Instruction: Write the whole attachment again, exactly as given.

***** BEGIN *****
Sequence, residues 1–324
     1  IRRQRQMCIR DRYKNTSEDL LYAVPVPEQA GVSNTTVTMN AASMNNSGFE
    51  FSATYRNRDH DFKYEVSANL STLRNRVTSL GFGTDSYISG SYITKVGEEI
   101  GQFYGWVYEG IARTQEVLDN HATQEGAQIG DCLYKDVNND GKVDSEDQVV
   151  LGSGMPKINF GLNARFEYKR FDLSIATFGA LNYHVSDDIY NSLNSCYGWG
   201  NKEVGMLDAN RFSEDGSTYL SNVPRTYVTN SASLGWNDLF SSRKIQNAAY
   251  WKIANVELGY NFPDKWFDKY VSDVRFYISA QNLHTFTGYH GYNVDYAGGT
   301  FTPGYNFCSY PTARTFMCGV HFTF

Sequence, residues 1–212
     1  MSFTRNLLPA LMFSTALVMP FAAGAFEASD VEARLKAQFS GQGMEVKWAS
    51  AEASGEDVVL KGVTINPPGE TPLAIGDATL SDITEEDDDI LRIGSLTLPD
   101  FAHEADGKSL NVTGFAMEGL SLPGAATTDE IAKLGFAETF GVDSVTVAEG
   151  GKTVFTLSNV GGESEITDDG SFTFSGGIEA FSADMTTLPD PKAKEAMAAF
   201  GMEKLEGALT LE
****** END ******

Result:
Sequence, residues 1–324
     1  IRRQRQMCIR DRYKNTSEDL LYAVPVPEQA GVSNTTVTMN AASMNNSGFE
    51  FSATYRNRDH DFKYEVSANL STLRNRVTSL GFGTDSYISG SYITKVGEEI
   101  GQFYGWVYEG IARTQEVLDN HATQEGAQIG DCLYKDVNND GKVDSEDQVV
   151  LGSGMPKINF GLNARFEYKR FDLSIATFGA LNYHVSDDIY NSLNSCYGWG
   201  NKEVGMLDAN RFSEDGSTYL SNVPRTYVTN SASLGWNDLF SSRKIQNAAY
   251  WKIANVELGY NFPDKWFDKY VSDVRFYISA QNLHTFTGYH GYNVDYAGGT
   301  FTPGYNFCSY PTARTFMCGV HFTF

Sequence, residues 1–212
     1  MSFTRNLLPA LMFSTALVMP FAAGAFEASD VEARLKAQFS GQGMEVKWAS
    51  AEASGEDVVL KGVTINPPGE TPLAIGDATL SDITEEDDDI LRIGSLTLPD
   101  FAHEADGKSL NVTGFAMEGL SLPGAATTDE IAKLGFAETF GVDSVTVAEG
   151  GKTVFTLSNV GGESEITDDG SFTFSGGIEA FSADMTTLPD PKAKEAMAAF
   201  GMEKLEGALT LE